No, and perhaps this is a point that multi-million dollar attractions like the Eagles and Bob Dylan have forgotten, the point was never to make money.  The point was to perform in front of an audience, to have our music heard, and to practice with the intent to become better musicians, songwriters, and performers.  This desire naturally progressed into Jim’s conception and development of the Fusco-Moore blog, better known now as the Laptop Sessions acoustic cover song music video blog.  Week after week since its 2007 inception, the Laptop Sessions performers have chosen songs that they loved, practiced them tirelessly, run through multiple performances until a satisfactory recording could be captured, and posted a textual component to augment the video, explaining trivia about the song, as well as commenting on the quality of the song (such as why we feel it has been underrated, forgotten, honored for good reason, etc.).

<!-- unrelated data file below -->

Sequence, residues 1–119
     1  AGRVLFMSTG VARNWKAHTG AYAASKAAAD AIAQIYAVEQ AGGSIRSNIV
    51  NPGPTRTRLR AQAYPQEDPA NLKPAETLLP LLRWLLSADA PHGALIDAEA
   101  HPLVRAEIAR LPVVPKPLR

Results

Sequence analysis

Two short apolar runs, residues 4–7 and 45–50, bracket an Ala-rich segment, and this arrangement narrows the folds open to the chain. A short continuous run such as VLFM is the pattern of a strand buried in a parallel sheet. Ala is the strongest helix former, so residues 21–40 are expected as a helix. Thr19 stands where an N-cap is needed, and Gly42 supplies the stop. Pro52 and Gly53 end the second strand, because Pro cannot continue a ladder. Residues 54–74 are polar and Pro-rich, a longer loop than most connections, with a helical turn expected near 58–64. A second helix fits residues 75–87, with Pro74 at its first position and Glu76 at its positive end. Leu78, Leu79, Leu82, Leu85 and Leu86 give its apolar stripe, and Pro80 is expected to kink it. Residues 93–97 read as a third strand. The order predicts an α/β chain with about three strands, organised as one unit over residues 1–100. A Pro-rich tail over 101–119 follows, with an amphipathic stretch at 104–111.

The point is that our cover songs have been labors of love.

(At this point, I will highlight the fact that I speak only for myself by switching to the first person singular, but I do believe the other contributors would agree, at least to a degree.)

Although I hoped that people would naturally gravitate toward my original music if they liked my cover song performances, it was never a necessary component.  I haven’t sold even one track since I started contributing to the Laptop Sessions 192 original and cover song music videos ago: if profit were my intention, I would have stopped months and probably years ago.

These cover song performances have allowed me to study a variety of songwriting styles at close range, artists as wide-ranging as Bob Dylan to Pearl Jam, Tegan and Sara to the Lovin’ Spoonful, and even, most recently, Pink.  The experiences I’ve had have fueled my commentary and criticism in my blog posts, as well as the direction my interests have gone, most directly affecting the CD’s I buy (yes, corporate music labels, we are among the few people still buying music in legal CD and vinyl formats on a very regular basis).